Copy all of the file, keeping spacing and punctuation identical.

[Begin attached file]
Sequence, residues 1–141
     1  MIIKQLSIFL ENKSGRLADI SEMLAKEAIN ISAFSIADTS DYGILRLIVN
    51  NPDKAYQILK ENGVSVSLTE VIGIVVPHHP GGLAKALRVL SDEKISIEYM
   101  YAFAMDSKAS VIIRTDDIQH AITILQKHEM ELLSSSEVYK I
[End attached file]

Sequence, residues 1–141
     1  MIIKQLSIFL ENKSGRLADI SEMLAKEAIN ISAFSIADTS DYGILRLIVN
    51  NPDKAYQILK ENGVSVSLTE VIGIVVPHHP GGLAKALRVL SDEKISIEYM
   101  YAFAMDSKAS VIIRTDDIQH AITILQKHEM ELLSSSEVYK I